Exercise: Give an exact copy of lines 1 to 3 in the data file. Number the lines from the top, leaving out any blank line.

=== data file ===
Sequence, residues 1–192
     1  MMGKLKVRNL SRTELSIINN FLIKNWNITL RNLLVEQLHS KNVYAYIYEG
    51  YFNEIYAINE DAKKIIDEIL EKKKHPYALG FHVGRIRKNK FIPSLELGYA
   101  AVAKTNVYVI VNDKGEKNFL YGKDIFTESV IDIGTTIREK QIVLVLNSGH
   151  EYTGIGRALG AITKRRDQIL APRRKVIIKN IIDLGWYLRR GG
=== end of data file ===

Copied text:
Sequence, residues 1–192
     1  MMGKLKVRNL SRTELSIINN FLIKNWNITL RNLLVEQLHS KNVYAYIYEG
    51  YFNEIYAINE DAKKIIDEIL EKKKHPYALG FHVGRIRKNK FIPSLELGYA